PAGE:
I have a term project which is controlling a two-link manipulator with harmonic drive installed at each joint. To control, i used Computed control method to determine the torque needed for each joints based on the formula: $$\tau_i =M(\theta)(\ddot{\theta_i}+K_d\dot{e}+K_pe)+V+G $$
To calculate the torque that each motor needs to produce through harmonic drive, i use: $$\tau_{motor} =(J_m+J_g)\rho\ddot{\theta_i}+\frac{\tau_i}{\rho\eta_g}$$ where: $\rho$ and $\eta_g$ are gear ratio and efficiency of the harmonic drive. $J_m$ and $J_g$ are the motor and gear inertia, respectively.

after these calculation, i can see the effect of harmonic drive in the system by comparing input torque from motor in the model with harmonic drive ($\tau_{motor}$) to that torque in the model without harmonic drive ($\tau_i$)

But my professor doesn't agree the formula $\tau_{motor}$ i used. He want me to include the stiffness $k$ of the harmonic drive.

This is what i have done

P/S: This model which consists of two-link manipulator+harmonic drive at each joint is built in MATLAB.

Can anyone suggest me the formula about it?

Thank you so much.


Page 50 of Hamid D Taghirad's 1997 PhD dissertation from McGill University gives a series of equations for harmonic drive torques, and the top of page 51 gives the following fantastic model for the harmonic drive:

harmonic drive model

WG is the wave generator (input); fs is the flexispline (output); N is the gear ratio, then the springs and dampers are deflection and friction losses at various stages in the harmonic drive. If you neglect the input/output frictional losses ($T_{f1}$, $T_{f2}$, and $T_{f3}$), then you're left with what I believe your professor was looking for,

$$ I_{drive} \tau_{drive} = -k_{fs}*(\frac{1}{N} \theta_{input} - \theta_{output}) - b_{fs}(\frac{1}{N} \dot{\theta}_{input} - \dot{\theta}_{output}) $$

where again, fs is the flexispline. Essentially the major components of the drive forces are due to structural damping and springiness of the flexispline deforming while the input rotates. Note that here I'm using the gear ratio as input : output, as harmonic drives are reducers. If $N = \frac{50}{1}$, then the input divided by the gear ratio gives the reduced input angular position or speed. If you define gear ratio as the inverse of how I've used it then you would multiply by N instead of divide by it.

Here are some great design tips for selecting harmonic drives, too, if anyone's interested.


Thank for your nice answer. But i still have questions. Applying this equation to my system, I see that:

  1. $\theta_{output}$ and $\dot{\theta}_{output}$ are $\theta_i$ and $\dot{\theta}_i$ I calculated from manipulator. However, $\theta_{input}$ and $\dot{\theta}_{input}$ are from motor, but where can i get them($\theta_{input}$ and $\dot{\theta}_{input}$) to determine $\tau_{drive}$?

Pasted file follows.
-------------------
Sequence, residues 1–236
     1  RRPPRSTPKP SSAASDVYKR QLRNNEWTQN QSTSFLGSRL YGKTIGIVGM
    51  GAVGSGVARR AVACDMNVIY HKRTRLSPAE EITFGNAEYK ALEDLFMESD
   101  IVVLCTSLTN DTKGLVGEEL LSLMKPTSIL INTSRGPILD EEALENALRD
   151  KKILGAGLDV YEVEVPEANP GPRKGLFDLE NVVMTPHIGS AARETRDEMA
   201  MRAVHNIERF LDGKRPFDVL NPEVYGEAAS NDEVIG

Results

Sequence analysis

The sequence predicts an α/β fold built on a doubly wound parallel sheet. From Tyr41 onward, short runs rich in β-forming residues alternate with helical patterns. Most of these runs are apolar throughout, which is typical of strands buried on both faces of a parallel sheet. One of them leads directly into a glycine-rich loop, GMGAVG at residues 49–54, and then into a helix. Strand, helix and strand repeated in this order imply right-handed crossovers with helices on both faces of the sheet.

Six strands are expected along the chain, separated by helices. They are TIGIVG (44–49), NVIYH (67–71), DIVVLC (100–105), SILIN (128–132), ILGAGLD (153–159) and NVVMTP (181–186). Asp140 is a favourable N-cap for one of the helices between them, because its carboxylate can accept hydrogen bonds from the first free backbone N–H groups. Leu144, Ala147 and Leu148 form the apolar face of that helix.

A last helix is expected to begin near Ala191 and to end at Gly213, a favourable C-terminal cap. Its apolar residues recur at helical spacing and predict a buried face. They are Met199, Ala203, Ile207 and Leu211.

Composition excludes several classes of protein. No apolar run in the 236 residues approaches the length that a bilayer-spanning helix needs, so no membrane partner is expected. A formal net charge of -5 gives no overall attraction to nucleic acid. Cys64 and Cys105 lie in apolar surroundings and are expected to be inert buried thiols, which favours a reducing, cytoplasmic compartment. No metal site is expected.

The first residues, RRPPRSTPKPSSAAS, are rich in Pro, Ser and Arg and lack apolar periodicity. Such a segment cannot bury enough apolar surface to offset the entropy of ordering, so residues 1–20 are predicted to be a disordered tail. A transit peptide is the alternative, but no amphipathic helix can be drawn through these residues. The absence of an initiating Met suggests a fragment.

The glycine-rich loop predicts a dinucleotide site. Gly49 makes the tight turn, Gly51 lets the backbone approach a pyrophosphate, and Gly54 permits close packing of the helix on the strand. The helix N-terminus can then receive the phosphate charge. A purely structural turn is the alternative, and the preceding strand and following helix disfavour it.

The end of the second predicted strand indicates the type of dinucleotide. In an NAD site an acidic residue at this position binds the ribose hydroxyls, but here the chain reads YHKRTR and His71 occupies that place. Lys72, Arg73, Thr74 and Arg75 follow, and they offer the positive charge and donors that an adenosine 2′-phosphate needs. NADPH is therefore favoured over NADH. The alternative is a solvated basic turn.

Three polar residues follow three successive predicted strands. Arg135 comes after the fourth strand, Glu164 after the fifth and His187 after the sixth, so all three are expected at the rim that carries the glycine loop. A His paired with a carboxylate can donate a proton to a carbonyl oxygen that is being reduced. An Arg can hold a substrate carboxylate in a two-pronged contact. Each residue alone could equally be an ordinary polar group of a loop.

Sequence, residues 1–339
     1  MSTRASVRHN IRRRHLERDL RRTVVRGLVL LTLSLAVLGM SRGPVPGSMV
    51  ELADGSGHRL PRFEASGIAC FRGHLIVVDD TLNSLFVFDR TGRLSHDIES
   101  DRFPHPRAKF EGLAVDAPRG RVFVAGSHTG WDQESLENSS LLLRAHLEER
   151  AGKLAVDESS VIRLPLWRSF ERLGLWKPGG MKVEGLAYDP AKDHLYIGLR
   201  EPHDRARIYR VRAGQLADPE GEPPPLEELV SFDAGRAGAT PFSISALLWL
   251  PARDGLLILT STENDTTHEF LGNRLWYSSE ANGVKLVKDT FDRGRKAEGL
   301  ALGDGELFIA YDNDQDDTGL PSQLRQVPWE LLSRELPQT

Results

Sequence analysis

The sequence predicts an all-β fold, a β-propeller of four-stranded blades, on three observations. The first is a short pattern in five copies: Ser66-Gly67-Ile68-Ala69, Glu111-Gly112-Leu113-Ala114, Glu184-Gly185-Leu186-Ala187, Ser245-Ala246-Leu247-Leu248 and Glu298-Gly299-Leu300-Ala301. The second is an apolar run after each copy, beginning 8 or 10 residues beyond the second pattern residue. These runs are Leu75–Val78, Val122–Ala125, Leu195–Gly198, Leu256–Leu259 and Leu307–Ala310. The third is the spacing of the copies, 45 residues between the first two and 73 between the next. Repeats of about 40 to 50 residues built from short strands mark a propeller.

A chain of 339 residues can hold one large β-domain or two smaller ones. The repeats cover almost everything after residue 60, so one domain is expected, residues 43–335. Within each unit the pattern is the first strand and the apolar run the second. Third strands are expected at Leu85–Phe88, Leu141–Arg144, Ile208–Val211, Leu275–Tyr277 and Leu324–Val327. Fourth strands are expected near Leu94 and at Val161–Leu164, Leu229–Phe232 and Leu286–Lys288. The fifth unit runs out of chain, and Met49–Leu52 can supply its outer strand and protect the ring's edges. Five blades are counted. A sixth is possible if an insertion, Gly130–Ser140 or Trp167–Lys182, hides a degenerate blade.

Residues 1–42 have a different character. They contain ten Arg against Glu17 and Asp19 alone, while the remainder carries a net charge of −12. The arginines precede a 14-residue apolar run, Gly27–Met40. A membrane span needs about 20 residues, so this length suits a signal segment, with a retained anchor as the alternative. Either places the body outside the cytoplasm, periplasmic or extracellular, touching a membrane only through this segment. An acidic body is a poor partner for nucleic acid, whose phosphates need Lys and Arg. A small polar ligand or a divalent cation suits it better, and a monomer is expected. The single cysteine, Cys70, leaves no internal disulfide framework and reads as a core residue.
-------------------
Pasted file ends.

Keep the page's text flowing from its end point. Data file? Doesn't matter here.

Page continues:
2. I look at a catalog of a harmonic drive to look for $k_{fs}$ and $b_{fs}$ [for example this HD: link], i only find $k_fs$ but there are 3 values of stiffness in catalog ($k_1$,$k_2$,$k_3$), which one should i choose? and where can i get $b_{fs}$

Sorry about this kind of question. I'm a newbie in Harmonic Drive.

  • $\begingroup$ You can get $\theta_{input}$ and $\dot{\theta}_{input}$ from an encoder on the motor. Page 56 of the PDF you linked shows why there are three different stiffness values - there is a nonlinear relationship between torque and torsion (twist). The nonlinear relationship can be approximated by three different stiffness values. If you can't find a damping value ($b$) then you can probably assume that the damping effect is negligible. You can compare your model to empirical testing. $\endgroup$ – Chuck Jun 22 '15 at 14:19
  • $\begingroup$ This model is built in Matlab so I can't get $\theta_{input}$ and $\dot{\theta}_{input}$ from encoder. Is there another solution for this one? $\endgroup$ – Phan Jun 22 '15 at 14:40
  • $\begingroup$ If it's a model I'm not sure what the problem is. What do you do with the torque values you calculate? Wouldn't you send them to the motor? In your equation you have $\ddot{\theta_i}$. If you're only working in accelerations just integrate the acceleration twice. $\endgroup$ – Chuck Jun 22 '15 at 15:40
  • $\begingroup$ What I want to know is how much torque I should give to the model through harmonic drive, then compare this input torque in the model with Harmonic drive to the input torque in the model without harmonic drive. $\endgroup$ – Phan Jun 22 '15 at 16:37
  • $\begingroup$ Please add the contents of what you've written above to your question and I'll answer more in my answer. $\endgroup$ – Chuck Jun 22 '15 at 17:41

Your Answer

By clicking “Post Your Answer”, you agree to our terms of service, privacy policy and cookie policy

Not the answer you're looking for? Browse other questions tagged or ask your own question.